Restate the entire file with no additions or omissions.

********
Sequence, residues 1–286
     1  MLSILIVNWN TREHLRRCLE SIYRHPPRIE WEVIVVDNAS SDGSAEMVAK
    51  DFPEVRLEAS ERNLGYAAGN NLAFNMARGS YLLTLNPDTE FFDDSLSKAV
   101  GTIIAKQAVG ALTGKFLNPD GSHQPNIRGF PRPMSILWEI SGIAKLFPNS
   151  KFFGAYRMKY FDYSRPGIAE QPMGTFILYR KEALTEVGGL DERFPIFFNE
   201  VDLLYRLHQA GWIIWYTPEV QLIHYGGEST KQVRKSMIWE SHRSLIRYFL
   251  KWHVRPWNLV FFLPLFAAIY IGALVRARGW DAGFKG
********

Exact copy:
Sequence, residues 1–286
     1  MLSILIVNWN TREHLRRCLE SIYRHPPRIE WEVIVVDNAS SDGSAEMVAK
    51  DFPEVRLEAS ERNLGYAAGN NLAFNMARGS YLLTLNPDTE FFDDSLSKAV
   101  GTIIAKQAVG ALTGKFLNPD GSHQPNIRGF PRPMSILWEI SGIAKLFPNS
   151  KFFGAYRMKY FDYSRPGIAE QPMGTFILYR KEALTEVGGL DERFPIFFNE
   201  VDLLYRLHQA GWIIWYTPEV QLIHYGGEST KQVRKSMIWE SHRSLIRYFL
   251  KWHVRPWNLV FFLPLFAAIY IGALVRARGW DAGFKG